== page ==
Efforts to bring those responsible for crimes against humanity to justice in East Timor have been irreparably hindered by the inability to extradite, let alone question, military, police, or militia leaders in Indonesia. Although UNTAET investigators have shared information with their Indonesian counterparts, reciprocity has not been forthcoming. UN investigators who traveled to Jakarta to question Indonesian suspects and witnesses were not permitted to do so despite the April 2000 Memorandum of Understanding signed between the UN and Indonesia. The chief of Indonesia's armed forces, Admiral Widodo, has publicly refused to cooperate with any UN investigations. Indonesia's parliament supports this position. This leaves the East Timorese courts with access only to low-level militia; officers with command responsibility are out of reach. Basing East Timor's new democracy on the principle of rule of law is made extremely difficult when those who designed and perpetrated heinous crimes are, in effect, above the law. Further, East Timor's own justice system is severely under-resourced and will likely become even more so upon the reduction of UN support once independence is declared, prohibiting investigations and trials of the magnitude needed to achieve justice. Currently, prosecutions are fraught with procedural and other errors, judicial infrastructure is poor, and highly-trained judicial personnel are scarce. A reliable, demonstrable system of justice is necessary to facilitate the return of the up to 100,000 East Timorese refugees now languishing in militia-controlled camps in West Timor. Only an international tribunal can provide this.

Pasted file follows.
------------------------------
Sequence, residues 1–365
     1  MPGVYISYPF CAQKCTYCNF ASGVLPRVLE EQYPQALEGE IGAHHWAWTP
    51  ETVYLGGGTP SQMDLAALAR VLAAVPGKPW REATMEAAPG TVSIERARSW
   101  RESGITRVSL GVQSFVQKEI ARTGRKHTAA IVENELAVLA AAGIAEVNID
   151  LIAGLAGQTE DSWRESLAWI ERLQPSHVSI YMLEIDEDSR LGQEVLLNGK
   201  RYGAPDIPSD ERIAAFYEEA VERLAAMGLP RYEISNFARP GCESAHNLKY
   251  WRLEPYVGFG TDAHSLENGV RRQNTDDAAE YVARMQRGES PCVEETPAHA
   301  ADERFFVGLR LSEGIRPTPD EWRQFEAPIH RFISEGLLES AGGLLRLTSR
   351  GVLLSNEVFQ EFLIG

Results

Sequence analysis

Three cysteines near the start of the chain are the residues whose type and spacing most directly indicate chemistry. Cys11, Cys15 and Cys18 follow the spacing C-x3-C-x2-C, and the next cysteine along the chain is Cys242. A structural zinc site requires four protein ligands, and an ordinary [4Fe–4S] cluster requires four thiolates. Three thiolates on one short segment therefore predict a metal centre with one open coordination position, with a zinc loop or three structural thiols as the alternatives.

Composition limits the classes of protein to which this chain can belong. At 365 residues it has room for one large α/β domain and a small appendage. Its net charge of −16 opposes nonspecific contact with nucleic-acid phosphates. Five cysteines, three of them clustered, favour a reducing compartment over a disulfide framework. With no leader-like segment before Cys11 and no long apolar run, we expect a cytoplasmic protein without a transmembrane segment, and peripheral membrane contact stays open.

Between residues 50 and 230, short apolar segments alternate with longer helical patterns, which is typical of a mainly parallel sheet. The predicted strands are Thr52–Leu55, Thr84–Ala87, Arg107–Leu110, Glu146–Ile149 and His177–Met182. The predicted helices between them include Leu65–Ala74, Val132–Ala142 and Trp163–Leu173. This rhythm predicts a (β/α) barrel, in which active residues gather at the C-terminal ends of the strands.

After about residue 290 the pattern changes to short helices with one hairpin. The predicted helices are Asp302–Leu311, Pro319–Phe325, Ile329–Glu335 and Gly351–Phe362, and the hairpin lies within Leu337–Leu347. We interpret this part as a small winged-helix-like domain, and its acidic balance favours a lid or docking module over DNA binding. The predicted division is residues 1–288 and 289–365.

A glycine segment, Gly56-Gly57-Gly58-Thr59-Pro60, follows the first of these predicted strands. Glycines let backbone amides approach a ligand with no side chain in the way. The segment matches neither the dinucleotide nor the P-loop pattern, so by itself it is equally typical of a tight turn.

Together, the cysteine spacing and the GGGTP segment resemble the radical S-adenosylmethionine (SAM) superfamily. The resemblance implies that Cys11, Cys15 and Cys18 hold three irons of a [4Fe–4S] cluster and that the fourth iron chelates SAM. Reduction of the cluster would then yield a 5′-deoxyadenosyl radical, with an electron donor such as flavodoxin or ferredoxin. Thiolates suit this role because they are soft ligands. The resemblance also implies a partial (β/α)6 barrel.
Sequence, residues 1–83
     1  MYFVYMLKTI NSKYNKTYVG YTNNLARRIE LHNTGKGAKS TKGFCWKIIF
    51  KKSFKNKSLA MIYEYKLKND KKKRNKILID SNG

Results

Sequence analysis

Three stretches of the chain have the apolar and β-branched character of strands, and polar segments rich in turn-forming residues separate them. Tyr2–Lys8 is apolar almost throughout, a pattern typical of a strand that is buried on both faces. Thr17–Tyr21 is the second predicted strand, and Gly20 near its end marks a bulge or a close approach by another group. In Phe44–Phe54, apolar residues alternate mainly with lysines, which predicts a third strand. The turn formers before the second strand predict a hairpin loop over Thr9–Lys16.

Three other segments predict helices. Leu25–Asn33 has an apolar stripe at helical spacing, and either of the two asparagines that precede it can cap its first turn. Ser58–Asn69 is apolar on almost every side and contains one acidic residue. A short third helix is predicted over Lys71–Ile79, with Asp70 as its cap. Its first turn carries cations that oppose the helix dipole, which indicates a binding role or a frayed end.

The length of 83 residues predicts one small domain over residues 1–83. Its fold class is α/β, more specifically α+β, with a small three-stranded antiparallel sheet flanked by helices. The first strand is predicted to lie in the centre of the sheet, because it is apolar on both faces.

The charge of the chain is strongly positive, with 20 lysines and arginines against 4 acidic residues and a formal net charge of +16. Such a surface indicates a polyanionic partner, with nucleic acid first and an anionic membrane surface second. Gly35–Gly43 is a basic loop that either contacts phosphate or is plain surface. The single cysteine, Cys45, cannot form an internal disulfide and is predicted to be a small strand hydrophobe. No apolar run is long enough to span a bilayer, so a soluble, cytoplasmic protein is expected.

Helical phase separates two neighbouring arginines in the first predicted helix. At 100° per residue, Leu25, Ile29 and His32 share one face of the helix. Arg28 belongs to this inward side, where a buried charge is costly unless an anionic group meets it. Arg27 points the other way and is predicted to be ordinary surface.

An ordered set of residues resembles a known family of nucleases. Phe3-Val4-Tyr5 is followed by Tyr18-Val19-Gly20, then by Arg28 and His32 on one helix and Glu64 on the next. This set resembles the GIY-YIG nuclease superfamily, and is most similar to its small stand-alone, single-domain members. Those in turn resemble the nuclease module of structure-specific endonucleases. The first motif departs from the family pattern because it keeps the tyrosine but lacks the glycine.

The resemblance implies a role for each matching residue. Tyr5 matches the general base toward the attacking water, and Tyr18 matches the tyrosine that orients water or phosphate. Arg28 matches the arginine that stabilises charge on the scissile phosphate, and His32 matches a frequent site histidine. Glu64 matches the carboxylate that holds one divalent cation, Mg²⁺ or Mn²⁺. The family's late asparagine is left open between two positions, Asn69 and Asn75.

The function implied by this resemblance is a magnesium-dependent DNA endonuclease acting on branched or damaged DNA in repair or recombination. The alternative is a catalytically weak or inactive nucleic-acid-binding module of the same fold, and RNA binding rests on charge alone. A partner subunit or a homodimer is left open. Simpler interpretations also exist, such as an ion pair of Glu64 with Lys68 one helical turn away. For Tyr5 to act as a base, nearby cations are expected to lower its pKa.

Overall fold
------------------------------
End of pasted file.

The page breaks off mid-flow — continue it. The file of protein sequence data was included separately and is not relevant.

More fundamentally, the lack of international action thus far to establish an international tribunal completely ignores the wishes of the East Timorese people. Overwhelmingly, East Timorese want to see Indonesian officers with command responsibility and a history of 24 years of unspeakable abuse brought to justice, and they know this cannot happen through Indonesia's inept justice system, which they deeply distrust. East Timor's Catholic Bishop and Nobel Peace Prize Laureate Carlos Ximenes Belo and the NGO Forum of East Timor both recently reiterated their support for a tribunal. "Justice must not be restricted to a chosen few. …We have no faith in the investigations being conducted in Jakarta. Those who authorized the crimes in East Timor will not face justice there," Belo said. Arsenio Bano, the executive director of the NGO Forum, asked, "If the perpetrators of crimes against humanity cannot be brought before an International Court, then where are they going to be tried?"